Welcome to week 11 of the Quarterback Streaming Challenge. As a quick recap: previous research of mine has found that quarterbacks average fewer points per game in weeks they were started than they do in weeks they were left on the bench. This finding challenges one of the underlying principles of quarterback streaming, which states that by assiduously selecting favorable matchups, one could get production from a player that exceeds his usual total.
Faced with this disconnect, I've designed a controlled experiment to test the hypothesis. I have invited 21 participants to try their hand at streaming quarterbacks based on a real fantasy football industry experts league. These participants are largely writers and contributors at various fantasy football sites— seven here at Footballguys, nine from elsewhere around the web— with five additional at-large spots awarded to fans.
This is primarily an attempt to measure the performance of the Late Round Quarterback strategy, as well as our ability to predict matchups without the benefit of hindsight. With that said, I'll be publishing a recap of how things stand every week so that it can serve as a roadmap for those of you who find yourself streaming in your own fantasy leagues.
In the boilerplate in the intro, I mention a study I conducted last year that suggested we really weren't that good at playing matchups.
One question that was asked was whether looking only at the later weeks changed anything. In other words, is it possible we were bad at playing matchups early in the year because we didn't yet know which matchups were favorable? And if so, would we naturally improve at our ability to select matchups as the year went on?
So… I wrote an article last year about how QBs score fewer points in weeks they’re started than weeks they’re not. https://t.co/Ic6edPXD5S— Adam Harstad (@AdamHarstad) August 19, 2016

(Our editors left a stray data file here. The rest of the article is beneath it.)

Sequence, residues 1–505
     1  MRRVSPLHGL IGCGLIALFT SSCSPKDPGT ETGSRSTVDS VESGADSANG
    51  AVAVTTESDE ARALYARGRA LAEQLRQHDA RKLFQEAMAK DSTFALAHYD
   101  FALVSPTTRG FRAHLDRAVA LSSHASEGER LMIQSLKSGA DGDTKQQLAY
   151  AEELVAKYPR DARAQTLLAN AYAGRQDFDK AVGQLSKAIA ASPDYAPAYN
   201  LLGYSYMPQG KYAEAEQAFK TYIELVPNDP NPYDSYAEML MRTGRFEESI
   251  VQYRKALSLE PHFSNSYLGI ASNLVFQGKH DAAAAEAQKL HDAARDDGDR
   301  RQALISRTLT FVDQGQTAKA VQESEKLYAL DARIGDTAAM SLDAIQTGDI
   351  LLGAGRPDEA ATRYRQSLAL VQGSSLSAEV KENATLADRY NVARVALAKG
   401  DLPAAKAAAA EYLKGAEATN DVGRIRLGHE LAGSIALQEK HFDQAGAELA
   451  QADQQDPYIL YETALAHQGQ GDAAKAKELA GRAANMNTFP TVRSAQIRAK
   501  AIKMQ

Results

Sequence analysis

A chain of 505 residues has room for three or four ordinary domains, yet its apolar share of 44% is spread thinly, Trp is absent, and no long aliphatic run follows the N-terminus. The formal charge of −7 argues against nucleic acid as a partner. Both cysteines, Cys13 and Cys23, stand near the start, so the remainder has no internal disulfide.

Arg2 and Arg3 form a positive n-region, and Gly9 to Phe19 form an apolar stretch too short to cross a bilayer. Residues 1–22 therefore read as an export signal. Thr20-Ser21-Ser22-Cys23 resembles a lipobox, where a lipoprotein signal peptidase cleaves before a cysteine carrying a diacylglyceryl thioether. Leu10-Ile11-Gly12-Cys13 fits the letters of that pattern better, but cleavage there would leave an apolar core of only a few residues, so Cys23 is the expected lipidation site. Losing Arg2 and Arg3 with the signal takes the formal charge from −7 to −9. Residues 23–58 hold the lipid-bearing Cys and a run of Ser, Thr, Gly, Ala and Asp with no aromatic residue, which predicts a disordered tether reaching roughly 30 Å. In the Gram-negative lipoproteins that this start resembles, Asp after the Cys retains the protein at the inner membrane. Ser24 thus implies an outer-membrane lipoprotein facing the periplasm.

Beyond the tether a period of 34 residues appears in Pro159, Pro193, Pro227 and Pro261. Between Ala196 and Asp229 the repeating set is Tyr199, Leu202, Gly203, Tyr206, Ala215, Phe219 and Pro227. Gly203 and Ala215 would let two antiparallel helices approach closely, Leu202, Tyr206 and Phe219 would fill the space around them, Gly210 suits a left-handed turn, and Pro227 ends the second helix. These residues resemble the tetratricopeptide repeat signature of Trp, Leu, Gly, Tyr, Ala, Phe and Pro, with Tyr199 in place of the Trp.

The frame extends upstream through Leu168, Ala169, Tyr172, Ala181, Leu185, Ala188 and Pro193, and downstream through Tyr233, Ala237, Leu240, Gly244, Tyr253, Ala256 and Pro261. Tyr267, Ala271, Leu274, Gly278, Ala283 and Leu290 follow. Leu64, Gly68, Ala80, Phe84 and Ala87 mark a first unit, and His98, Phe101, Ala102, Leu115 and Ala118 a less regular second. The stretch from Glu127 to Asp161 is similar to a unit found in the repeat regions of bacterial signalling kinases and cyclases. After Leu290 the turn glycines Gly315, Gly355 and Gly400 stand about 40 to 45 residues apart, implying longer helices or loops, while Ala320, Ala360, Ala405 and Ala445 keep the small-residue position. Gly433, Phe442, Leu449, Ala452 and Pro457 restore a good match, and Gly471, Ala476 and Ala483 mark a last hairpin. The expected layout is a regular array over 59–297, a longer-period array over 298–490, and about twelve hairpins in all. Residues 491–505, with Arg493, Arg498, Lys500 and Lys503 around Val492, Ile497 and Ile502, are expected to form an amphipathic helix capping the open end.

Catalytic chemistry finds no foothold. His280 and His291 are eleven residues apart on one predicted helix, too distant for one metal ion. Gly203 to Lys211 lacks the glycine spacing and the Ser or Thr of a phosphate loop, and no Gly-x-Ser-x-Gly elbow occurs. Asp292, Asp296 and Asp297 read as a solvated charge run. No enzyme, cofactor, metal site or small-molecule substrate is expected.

Recently, @BrianMaloneFF asked me to re-run the numbers just for weeks 6+, wondering if more information made us better streamers.— Adam Harstad (@AdamHarstad) August 19, 2016
Preliminary results suggest that… well, I’m not going to sugar-coat it, preliminary results are pretty damn grim.— Adam Harstad (@AdamHarstad) August 19, 2016
In one league, QBs underperformed by 1.067 ppg in weeks they were started over the full season. In weeks 6-13, that rose to 1.569 ppg!— Adam Harstad (@AdamHarstad) August 19, 2016
Further study did nothing to contradict those preliminary results. Based on my data set from 2015, teams were not only not any better at playing matchups over the second half of the fantasy season, but if anything they were worse!
I bring this up because we're now deep into the back half of the fantasy schedule, with just three regular-season weeks left to go in our project. And instead of seeing teams slowing down, we're seeing them do better and better. I mentioned last week that week 9 was the highest-scoring week of the season by a good amount. Well, week 10 followed that up with the second-highest scoring week.
In fact, of the ten weeks on record to this point, four of the five lowest scoring came in the first five, and four of the five highest scoring came in the last five.
A full analysis will have to wait until we have our season-ending results; we need a player's final point per game average to compare his weekly results against. But early returns run entirely contrary to the results we saw last year at this time. So what gives?
In my mind, the three most likely explanations for the divergent results are as follows:
- Last year was an outlier, and playing matchups really does become easier as the season progresses.
- This year is an outlier, and playing matchups really does become harder as the season progresses.
- Both years have been outliers, and playing matchups neither becomes easier nor harder as the season progresses.
In truth, even having the full data set to study will not put this question to bed. The best possible outcome of our study, (like any other study, actually), is "results are suggestive; further study is warranted".
Convergence has been the theme of the last few weeks, and this week is no different. Another round of buy-ins on Colin Kaepernick means that Kaepernick and Mariota combine to account for half of the quarterbacks in our study.
And here are this week's declared starters:
- Marcus Mariota (x9)
- Colin Kaepernick (x4)
- Alex Smith
- Sam Bradford
- Joe Flacco
- Andy Dalton
- Tyrod Taylor
- Dak Prescott
The convergence on Mariota and Kaepernick has paid huge dividends in the past two weeks, which has in turn led us to this week and the largest consensus achieved to date. We'll see if it continues to pay dividends. Best of luck to our participants, and to everyone following along at home in your own weekly streams.
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